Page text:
(CNN) -- A second twin has died at a Corpus Christi, Texas, hospital, where more than a dozen infants received overdoses of the blood thinner heparin, a lawyer said Thursday.
The Christus Spohn Hospital South says staffers "have taken extraordinary measures" to provide care.
An infant girl, Kay Lynn Garcia, died Wednesday afternoon after her twin brother, Keith, passed away earlier this week, said Bob Patterson, an attorney for the Garcia family.
Heparin is an anticoagulant often used to clean patients' intravenous tubes and prevent blood from clotting in the lines.
The Garcia babies, who were born prematurely, were ill and in the neonatal intensive care unit, and heparin may not have caused their deaths.
Christus Spohn Hospital South is investigating the overdoses, and spokeswoman Sherry Carr-Deer confirmed Thursday that 14 babies received a more concentrated form of heparin than was prescribed, three fewer than was reported Wednesday. Watch how the hospital is responding »
"We know for sure, we know absolutely for sure, that there were 14 babies who got the concentrated heparin," Carr-Deer said. She said there were three other babies in the unit when the higher doses were given, but it wasn't clear whether they received them.
A judge approved Patterson's request Wednesday for a temporary restraining order directing Christus Spohn Hospital South to save any medication, documents, lab results and vials used in the babies' care.
"We haven't filed a lawsuit seeking damages, just trying to find out what happened," Patterson said.
He said he plans to ask the court Friday to let him take depositions from hospital personnel. He said he hasn't spoken to hospital officials.
The Garcias are "devastated," the lawyer said.
"The babies were roughly four weeks' premature. They should not [have been] at high risk. They had difficulty breathing at first, not all that unusual," Patterson said.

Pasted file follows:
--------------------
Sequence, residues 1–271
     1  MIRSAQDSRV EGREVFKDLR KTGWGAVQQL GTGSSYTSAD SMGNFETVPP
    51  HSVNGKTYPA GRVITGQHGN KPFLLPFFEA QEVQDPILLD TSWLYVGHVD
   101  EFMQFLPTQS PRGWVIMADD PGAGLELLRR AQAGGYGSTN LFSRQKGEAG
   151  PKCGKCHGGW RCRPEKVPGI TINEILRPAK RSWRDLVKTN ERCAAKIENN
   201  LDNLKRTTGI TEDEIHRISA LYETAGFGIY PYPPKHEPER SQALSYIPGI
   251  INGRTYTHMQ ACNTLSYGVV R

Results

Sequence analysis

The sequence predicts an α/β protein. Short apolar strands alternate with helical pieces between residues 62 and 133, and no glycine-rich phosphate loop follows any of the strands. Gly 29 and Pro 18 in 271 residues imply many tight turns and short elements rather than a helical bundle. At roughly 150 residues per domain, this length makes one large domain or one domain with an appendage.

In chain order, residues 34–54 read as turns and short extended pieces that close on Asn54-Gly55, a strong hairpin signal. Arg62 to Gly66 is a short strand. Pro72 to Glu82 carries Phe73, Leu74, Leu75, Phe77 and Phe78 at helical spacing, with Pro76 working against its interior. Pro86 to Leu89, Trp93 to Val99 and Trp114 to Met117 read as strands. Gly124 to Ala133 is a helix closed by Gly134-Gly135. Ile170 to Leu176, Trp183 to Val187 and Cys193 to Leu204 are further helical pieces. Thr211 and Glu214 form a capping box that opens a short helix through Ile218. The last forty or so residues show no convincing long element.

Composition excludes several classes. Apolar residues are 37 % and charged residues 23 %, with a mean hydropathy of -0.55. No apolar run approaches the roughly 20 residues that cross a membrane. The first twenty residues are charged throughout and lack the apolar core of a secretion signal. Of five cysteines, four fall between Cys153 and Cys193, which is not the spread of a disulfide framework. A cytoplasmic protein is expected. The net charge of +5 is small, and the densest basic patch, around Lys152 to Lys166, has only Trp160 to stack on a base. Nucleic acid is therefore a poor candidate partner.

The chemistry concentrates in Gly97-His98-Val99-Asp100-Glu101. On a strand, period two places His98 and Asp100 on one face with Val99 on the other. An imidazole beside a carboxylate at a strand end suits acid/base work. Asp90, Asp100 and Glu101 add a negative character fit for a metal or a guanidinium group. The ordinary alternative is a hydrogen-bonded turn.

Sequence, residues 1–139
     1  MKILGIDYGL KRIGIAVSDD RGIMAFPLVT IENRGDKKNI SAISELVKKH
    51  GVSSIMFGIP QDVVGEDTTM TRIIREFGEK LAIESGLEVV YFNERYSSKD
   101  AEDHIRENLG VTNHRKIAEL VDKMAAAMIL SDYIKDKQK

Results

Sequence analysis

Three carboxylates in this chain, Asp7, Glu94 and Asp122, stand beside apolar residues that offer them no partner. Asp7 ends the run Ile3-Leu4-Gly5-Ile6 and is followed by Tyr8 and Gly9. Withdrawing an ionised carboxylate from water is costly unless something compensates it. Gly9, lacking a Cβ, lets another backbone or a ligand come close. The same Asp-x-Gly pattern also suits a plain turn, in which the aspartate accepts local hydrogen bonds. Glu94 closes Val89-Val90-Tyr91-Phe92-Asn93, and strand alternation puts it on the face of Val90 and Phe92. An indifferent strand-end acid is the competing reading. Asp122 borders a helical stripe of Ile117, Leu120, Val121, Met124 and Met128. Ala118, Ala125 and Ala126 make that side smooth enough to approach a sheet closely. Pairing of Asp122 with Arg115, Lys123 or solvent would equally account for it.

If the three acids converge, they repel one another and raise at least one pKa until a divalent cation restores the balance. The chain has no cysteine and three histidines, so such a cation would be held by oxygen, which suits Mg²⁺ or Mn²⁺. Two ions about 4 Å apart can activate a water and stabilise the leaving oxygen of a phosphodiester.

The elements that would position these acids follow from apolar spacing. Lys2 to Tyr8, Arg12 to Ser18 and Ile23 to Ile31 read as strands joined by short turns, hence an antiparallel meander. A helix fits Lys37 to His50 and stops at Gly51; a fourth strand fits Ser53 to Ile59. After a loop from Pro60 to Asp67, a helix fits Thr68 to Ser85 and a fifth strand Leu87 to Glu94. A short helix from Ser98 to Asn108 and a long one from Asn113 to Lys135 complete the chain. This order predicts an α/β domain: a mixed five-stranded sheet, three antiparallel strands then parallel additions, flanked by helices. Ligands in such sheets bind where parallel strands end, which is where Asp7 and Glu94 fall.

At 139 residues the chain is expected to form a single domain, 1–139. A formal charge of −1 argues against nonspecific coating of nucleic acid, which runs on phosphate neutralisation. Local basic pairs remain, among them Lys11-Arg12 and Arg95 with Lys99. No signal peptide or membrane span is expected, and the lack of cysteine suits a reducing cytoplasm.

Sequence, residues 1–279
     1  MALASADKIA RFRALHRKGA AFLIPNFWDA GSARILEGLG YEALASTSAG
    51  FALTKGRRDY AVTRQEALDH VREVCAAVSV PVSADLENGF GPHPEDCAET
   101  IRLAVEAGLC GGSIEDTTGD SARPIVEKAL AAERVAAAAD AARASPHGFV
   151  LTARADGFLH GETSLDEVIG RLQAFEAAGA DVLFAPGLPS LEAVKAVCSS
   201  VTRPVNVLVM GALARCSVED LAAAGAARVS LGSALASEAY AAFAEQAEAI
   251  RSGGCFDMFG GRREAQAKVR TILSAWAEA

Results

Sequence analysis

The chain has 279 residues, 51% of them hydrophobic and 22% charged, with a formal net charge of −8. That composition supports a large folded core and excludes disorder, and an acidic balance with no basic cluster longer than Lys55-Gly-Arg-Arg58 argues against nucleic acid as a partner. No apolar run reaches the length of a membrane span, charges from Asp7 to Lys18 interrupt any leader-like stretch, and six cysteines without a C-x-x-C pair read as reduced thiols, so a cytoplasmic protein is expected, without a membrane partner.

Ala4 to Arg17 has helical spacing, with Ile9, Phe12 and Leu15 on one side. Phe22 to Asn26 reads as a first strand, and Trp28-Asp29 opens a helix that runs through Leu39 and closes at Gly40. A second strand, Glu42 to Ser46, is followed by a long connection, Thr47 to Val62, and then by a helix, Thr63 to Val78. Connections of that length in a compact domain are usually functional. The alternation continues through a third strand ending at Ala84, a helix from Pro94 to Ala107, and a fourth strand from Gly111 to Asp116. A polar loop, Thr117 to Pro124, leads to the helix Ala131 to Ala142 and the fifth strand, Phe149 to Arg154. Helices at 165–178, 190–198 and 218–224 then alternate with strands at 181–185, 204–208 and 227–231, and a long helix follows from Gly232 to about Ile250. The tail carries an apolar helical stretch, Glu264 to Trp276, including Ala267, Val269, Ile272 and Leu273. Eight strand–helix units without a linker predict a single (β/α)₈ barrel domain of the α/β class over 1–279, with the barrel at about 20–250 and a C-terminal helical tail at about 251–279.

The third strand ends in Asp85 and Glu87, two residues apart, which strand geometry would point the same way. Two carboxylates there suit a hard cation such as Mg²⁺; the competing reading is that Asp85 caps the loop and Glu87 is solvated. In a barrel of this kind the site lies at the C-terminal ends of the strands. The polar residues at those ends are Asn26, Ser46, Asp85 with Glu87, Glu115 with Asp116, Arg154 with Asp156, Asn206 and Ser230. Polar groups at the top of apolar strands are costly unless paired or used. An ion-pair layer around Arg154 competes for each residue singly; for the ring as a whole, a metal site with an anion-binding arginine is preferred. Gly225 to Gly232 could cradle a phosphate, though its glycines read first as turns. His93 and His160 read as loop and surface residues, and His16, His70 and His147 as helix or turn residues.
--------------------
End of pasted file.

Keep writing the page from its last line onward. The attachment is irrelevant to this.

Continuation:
The doctor assured the parents that the newborns' lungs were fully developed, he added.
The other babies who received a higher-than-prescribed dose of heparin remain in critical but stable condition in the Corpus Christi hospital, Carr-Deer said Thursday.
"Our highly experienced and dedicated neonatal staff and physicians have taken extraordinary measures to deliver the best care possible," the hospital said in a statement. "We continue to keep the babies and their families in our thoughts and prayers."
In November, actor Dennis Quaid's 12-day-old twins were accidentally given overdoses of heparin at Cedars-Sinai Hospital in Los Angeles, California.
The twins were receiving intravenous antibiotic treatment for a staph infection.
According to standard procedure, nurses were supposed to clean the infants' IV lines with Hep-Lock, a drug containing a very small dose of heparin.
However, instead of the 10 units of heparin they were supposed to receive, the twins received 10,000 units, or 1,000 times the prescribed amount.
The labels on the two bottles were "deadly similar," Quaid told members of Congress at a May hearing.
The babies survived with no apparent permanent injuries, Quaid said, noting that the long-term effects are unclear.
The heparin in the Quaid case was made by Baxter Healthcare. Christus Spohn Hospital South said the heparin used in their case was not made by Baxter, but it would not say who manufactured it because the mistake was a mixing error, not a confusion of bottle labels.
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